Sabine Buhner

Technische Universität München, München, Bavaria, Germany

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Publications (32)166.05 Total impact

  • [Show abstract] [Hide abstract]
    ABSTRACT: Based on the discomfort/pain threshold during rectal distension, Irritable Bowel Syndrome (IBS) patients may be subtyped as normo- or hypersensitive. We previously showed that mucosal biopsy supernatants from IBS patients activated enteric and visceral afferent neurons. We tested the hypothesis that visceral sensitivity is linked to the degree of neuronal activation. Normo- and hypersensitive IBS patients were distinguished by their discomfort/pain threshold to rectal balloon distension with a barostat. Using potentiometric and Ca(2+) dye imaging, we recorded the response of guinea pig enteric submucous and mouse dorsal root ganglion (DRG) neurons, respectively, to mucosal biopsy supernatants from normosensitive (n = 12 tested in enteric neurons, n = 9 tested in DRG) and hypersensitive IBS (n = 9, tested in both types of neurons) patients. In addition, we analyzed the association between neuronal activation and individual discomfort/pain pressure thresholds. IBS supernatants evoked Ca(2+) transients in DRG neurons and spike discharge in submucous neurons. Submucous and DRG neurons showed significantly stronger responses to supernatants from hypersensitive IBS patients as reflected by higher spike frequency or stronger [Ca(2+)]i transients in a larger proportion of neurons. The neuroindex as a product of spike frequency or [Ca(2+)]i transients and proportion of responding neurons significantly correlated with the individual discomfort/pain thresholds of the IBS patients. Supernatants from hypersensitive IBS patients caused stronger activation of enteric and DRG neurons. The level of activation correlated with the individual discomfort/pain threshold pressure values. These findings support our hypothesis that visceral sensitivity is linked to activation of peripheral neurons by biopsy supernatants. This article is protected by copyright. All rights reserved.
    Experimental physiology 06/2014; 99(10). DOI:10.1113/expphysiol.2014.080036 · 2.67 Impact Factor
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    ABSTRACT: Scope: Considering the increasing numbers of patients suffering from food allergy (FA) as well as the great variety of novel foods and food compositions, an unmet need exists for the development of preclinical approaches to characterize the allergenic potential of proteins. The aim of our study was to evaluate the allergenicity of different food allergens in a rat model. Methods: Brown Norway rats were sensitized to protein extracts (RuBisCO, apple, soy, peanut, garden pea) or ovalbumin (OVA) combined with Bordetella pertussis and aluminium hydroxide, followed by oral allergen challenges. Results: Allergen-specific serum immunoglobulin production and the proliferation of mononuclear cells from spleen confirmed sensitization. To assess functional alterations in the gut, intestinal permeability was measured, which increased in sensitized and challenged animals compared to non-sensitized controls. Allergens with high allergenic potential (peanut, OVA, soy) caused a stronger immunological response than allergens with low allergenic potential, such as RuBisCO and apple. Moreover, the immunological responses were reduced when using boiled instead of raw soy and pea proteins. Conclusion: This model mimics key features of FA and facilitates investigating the allergenicity of allergens in novel food or food compositions in vivo.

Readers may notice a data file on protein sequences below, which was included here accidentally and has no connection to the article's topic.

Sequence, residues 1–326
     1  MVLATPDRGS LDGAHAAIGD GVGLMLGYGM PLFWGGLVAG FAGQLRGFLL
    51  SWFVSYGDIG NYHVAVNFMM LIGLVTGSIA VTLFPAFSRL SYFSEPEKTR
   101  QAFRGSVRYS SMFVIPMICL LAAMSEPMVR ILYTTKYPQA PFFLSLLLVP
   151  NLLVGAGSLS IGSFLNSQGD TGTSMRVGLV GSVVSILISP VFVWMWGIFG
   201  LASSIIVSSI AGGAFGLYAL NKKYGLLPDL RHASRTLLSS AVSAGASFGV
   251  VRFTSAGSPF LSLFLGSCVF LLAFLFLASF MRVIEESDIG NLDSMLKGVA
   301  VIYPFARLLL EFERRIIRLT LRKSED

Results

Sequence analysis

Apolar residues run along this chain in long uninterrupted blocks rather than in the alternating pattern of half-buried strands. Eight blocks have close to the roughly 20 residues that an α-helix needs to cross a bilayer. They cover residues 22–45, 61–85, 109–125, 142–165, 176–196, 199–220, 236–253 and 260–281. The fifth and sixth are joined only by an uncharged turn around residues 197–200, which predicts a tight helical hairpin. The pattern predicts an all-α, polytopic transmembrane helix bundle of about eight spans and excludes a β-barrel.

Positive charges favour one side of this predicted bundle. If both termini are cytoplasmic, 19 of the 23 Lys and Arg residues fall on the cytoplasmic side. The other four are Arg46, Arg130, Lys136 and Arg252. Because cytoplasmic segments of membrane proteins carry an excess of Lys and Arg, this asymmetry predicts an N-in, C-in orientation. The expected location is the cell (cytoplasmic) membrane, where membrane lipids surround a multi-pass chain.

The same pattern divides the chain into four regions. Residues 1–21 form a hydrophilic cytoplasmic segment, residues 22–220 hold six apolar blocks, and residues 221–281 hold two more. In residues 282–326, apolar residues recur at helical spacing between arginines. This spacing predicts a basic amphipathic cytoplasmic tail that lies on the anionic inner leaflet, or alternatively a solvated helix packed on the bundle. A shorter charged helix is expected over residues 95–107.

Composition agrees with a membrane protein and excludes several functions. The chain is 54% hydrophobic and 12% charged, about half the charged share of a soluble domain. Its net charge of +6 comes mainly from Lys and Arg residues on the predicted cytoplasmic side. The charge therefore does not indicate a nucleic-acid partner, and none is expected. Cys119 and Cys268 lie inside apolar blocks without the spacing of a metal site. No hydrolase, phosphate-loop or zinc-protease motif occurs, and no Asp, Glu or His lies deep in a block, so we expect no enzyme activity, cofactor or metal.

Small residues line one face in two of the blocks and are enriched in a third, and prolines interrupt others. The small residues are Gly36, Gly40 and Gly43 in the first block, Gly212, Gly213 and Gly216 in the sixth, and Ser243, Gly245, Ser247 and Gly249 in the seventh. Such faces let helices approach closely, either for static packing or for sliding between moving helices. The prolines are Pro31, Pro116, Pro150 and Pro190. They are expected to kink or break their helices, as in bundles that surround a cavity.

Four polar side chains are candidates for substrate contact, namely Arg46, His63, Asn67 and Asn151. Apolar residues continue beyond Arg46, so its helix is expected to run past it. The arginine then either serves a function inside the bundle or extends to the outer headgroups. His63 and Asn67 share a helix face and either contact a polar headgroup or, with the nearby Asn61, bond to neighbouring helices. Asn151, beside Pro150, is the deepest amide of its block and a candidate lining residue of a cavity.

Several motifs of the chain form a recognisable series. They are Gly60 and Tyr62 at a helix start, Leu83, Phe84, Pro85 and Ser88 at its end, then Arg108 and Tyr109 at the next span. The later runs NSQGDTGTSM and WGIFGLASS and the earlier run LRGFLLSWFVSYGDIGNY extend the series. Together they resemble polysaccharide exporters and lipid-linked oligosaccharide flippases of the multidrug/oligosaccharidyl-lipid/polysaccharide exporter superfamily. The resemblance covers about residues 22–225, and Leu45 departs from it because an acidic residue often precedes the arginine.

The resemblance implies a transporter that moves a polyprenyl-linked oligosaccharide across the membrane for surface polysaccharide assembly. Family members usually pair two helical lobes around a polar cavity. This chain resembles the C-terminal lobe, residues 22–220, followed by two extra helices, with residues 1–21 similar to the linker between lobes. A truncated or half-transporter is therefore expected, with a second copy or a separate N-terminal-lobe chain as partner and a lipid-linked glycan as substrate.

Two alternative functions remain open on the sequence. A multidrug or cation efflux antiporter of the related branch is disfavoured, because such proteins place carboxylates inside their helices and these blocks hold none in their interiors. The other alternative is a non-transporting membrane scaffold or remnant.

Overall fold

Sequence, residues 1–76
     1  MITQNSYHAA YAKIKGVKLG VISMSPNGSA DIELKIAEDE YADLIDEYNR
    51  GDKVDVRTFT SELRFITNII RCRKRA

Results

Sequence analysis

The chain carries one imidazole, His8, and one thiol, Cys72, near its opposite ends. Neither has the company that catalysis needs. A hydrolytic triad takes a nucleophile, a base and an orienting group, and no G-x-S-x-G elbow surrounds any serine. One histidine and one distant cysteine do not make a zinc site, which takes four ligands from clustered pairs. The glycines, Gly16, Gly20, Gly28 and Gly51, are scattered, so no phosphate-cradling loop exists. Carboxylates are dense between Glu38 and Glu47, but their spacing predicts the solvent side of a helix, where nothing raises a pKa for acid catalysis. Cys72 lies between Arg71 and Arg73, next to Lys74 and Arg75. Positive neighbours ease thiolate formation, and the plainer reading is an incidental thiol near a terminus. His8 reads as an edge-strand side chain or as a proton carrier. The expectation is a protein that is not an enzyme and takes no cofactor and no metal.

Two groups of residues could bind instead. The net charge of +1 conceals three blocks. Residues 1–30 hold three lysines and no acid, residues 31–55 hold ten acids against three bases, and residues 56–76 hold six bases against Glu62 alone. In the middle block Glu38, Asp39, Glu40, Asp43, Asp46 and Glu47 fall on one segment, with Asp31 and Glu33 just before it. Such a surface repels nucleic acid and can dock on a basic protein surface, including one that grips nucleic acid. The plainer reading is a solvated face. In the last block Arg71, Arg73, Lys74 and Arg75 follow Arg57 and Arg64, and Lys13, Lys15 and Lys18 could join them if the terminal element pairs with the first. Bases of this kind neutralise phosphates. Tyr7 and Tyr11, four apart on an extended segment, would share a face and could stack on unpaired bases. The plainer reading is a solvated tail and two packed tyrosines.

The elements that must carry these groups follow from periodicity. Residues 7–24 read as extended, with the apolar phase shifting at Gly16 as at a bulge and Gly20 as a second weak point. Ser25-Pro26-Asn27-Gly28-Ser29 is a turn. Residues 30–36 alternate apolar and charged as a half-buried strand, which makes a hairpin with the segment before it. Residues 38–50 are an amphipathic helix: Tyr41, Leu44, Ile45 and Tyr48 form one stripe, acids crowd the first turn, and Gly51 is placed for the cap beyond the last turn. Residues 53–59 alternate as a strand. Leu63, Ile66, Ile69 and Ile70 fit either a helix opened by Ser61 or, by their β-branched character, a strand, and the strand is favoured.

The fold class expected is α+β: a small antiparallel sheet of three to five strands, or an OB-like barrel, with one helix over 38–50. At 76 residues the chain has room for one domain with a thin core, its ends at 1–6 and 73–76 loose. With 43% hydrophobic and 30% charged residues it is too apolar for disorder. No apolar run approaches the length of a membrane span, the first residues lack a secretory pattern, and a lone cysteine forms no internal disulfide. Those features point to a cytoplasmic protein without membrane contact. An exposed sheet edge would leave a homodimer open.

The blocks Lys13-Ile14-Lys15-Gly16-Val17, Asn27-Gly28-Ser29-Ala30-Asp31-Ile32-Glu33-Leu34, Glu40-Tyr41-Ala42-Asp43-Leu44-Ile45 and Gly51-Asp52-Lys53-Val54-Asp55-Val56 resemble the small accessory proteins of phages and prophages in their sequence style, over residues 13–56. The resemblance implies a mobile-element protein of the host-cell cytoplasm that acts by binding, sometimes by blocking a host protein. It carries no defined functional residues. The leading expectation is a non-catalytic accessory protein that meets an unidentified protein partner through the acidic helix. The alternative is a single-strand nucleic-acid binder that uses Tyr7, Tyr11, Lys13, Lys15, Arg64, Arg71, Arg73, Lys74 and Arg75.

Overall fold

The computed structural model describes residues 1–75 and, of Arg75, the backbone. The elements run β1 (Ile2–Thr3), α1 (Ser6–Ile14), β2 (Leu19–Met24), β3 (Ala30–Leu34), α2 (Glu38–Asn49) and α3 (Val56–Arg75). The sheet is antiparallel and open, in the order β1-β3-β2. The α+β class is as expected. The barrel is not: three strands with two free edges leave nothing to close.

International Archives of Allergy and Immunology 06/2014; 164(2):89-96. DOI:10.1159/000363109 · 2.67 Impact Factor
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    ABSTRACT: Compound 48/80 is widely used in animal and tissue models as a "selective" mast cell activator. With this study we demonstrate that compound 48/80 also directly activates enteric neurons and visceral afferents. We used in vivo recordings from extrinsic intestinal afferents together with Ca(++) imaging from primary cultures of DRG and nodose neurons. Enteric neuronal activation was examined by Ca(++) and voltage sensitive dye imaging in isolated gut preparations and primary cultures of enteric neurons. Intraluminal application of compound 48/80 evoked marked afferent firing which desensitized on subsequent administration. In egg albumen-sensitized animals, intraluminal antigen evoked a similar pattern of afferent activation which also desensitized on subsequent exposure to antigen. In cross-desensitization experiments prior administration of compound 48/80 failed to influence the mast cell mediated response. Application of 1 and 10 µg/ml compound 48/80 evoked spike discharge and Ca(++) transients in enteric neurons. The same nerve activating effect was observed in primary cultures of DRG and nodose ganglion cells. Enteric neuron cultures were devoid of mast cells confirmed by negative staining for c-kit or toluidine blue. In addition, in cultured enteric neurons the excitatory action of compound 48/80 was preserved in the presence of histamine H(1) and H(2) antagonists. The mast cell stabilizer cromolyn attenuated compound 48/80 and nicotine evoked Ca(++) transients in mast cell-free enteric neuron cultures. The results showed direct excitatory action of compound 48/80 on enteric neurons and visceral afferents. Therefore, functional changes measured in tissue or animal models may involve a mast cell independent effect of compound 48/80 and cromolyn.